Tuesday, December 15, 2009

Premature Optimization and LINQ to SQL

Don’t count your chickens before they hatch.  Let’s call that adage the “count-no” principle.  I promise that will be funny later.

The common interpretation of this adage is that you should not rely on future results when making decisions in the present.  It is generally an admonishment to not be too cocky about the future.  What might the corollary be?  Perhaps to concern ourselves with the details of the present moment rather than thinking about the future.  We’ll call this corollary “nocount”.  One specific example of this corollary is the programmer’s maxim about premature optimization.  In fact, it was Donald Knuth who said, “"We should forget about small efficiencies, say about 97% of the time: premature optimization is the root of all evil,” in a response to Dijkstra’s “Go to statement considered harmful”.

So, I’m debugging a particularly pernicious problem today.  In production (and only production) we were getting a ChangeConflictException when updating a row in the database.  Unfortunately, the logs indicated that there were no MemberChangeConflict objects.  In other words we weren’t violating optimistic concurrency.  So, I profiled the SQL statements and it appeared to be just what I expected, a simple update supporting optimistic concurrency.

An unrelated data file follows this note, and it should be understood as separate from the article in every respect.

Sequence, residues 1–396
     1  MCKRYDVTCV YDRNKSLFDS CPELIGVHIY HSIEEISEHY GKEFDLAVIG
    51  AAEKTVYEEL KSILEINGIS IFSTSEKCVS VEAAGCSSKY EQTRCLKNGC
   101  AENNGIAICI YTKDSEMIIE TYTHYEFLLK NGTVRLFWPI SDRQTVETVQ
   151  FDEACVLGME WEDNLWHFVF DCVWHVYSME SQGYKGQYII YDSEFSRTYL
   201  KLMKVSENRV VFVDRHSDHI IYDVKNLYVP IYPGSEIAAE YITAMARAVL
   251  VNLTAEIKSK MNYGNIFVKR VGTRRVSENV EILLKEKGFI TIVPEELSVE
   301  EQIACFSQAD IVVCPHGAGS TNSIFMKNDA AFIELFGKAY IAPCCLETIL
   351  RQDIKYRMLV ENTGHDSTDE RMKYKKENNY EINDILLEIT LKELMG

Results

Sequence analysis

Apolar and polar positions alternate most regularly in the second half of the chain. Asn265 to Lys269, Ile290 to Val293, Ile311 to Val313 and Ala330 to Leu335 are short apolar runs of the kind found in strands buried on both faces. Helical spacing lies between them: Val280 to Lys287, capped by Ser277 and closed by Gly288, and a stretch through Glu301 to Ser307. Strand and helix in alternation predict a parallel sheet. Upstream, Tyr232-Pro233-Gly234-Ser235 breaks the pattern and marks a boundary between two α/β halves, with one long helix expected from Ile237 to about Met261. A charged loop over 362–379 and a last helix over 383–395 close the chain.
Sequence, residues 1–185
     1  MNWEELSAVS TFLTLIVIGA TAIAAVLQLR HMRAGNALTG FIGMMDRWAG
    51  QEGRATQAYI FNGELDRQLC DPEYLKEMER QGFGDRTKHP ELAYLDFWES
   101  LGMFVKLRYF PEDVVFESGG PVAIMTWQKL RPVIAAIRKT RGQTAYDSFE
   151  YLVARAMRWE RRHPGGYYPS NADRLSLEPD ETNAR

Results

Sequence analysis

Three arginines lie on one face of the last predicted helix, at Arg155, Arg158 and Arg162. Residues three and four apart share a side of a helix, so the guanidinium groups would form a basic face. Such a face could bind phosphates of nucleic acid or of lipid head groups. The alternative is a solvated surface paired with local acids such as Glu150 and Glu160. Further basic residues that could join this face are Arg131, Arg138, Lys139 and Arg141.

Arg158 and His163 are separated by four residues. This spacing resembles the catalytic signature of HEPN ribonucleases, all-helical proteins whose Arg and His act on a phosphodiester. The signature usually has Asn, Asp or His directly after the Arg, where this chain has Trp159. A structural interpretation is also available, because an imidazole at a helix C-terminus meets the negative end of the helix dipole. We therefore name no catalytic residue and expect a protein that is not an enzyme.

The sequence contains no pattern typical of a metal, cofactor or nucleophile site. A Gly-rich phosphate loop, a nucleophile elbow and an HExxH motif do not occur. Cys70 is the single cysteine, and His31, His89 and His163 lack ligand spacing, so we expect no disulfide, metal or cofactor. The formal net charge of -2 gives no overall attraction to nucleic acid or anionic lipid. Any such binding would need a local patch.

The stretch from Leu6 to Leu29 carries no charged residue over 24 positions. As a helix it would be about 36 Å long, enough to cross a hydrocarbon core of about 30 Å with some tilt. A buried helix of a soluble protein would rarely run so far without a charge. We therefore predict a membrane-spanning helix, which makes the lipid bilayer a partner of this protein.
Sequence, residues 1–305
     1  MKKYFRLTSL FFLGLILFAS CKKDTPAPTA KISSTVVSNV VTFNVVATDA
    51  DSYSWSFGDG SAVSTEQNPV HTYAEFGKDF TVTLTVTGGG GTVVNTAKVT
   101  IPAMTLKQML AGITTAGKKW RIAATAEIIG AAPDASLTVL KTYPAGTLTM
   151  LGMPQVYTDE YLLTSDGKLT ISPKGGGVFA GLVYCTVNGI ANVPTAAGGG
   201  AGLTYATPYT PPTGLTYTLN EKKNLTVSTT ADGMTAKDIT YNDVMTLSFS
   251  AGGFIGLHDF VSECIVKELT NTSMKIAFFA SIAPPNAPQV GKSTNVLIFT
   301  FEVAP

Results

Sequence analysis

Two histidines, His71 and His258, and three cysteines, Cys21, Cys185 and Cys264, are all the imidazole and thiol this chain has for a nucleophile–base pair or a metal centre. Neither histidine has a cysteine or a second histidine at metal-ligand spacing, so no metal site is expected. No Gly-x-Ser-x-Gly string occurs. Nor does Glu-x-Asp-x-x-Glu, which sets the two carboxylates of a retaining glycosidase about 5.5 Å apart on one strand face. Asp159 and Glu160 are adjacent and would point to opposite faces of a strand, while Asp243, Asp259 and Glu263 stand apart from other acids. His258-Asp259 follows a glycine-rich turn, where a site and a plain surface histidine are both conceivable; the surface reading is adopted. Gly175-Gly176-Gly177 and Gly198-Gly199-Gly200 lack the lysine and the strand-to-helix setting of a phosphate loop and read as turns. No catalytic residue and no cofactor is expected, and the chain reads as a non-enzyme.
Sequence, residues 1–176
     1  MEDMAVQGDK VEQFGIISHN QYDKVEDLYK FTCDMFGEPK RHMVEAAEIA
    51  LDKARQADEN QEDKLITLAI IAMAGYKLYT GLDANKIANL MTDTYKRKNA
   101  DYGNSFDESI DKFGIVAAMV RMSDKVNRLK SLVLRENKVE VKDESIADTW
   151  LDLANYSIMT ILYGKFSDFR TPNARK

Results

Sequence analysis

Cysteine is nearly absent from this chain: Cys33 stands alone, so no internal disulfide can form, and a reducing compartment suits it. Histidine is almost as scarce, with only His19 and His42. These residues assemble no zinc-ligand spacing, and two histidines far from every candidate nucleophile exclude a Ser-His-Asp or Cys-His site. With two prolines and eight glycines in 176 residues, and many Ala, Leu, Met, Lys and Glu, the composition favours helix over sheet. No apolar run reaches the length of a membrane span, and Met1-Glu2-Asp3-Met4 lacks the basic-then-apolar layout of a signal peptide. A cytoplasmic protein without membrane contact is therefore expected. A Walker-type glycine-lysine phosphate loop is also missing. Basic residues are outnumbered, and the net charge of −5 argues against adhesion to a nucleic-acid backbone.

Did you know you can eek out an exceedingly miniscule amount of performance by using the “SET NOCOUNT ON” option with SQL Server?  Did you know that you can actually set this option at the server level? Do you know what happens when your LINQ to SQL DataContext uses the row count returned from your optimistically concurrent update statement to determine if one and only one row was updated?

Yes dear reader, premature optimization can cause the most insidious and difficult to discover problems.  Please, don’t ever violate the “nocount princple”!

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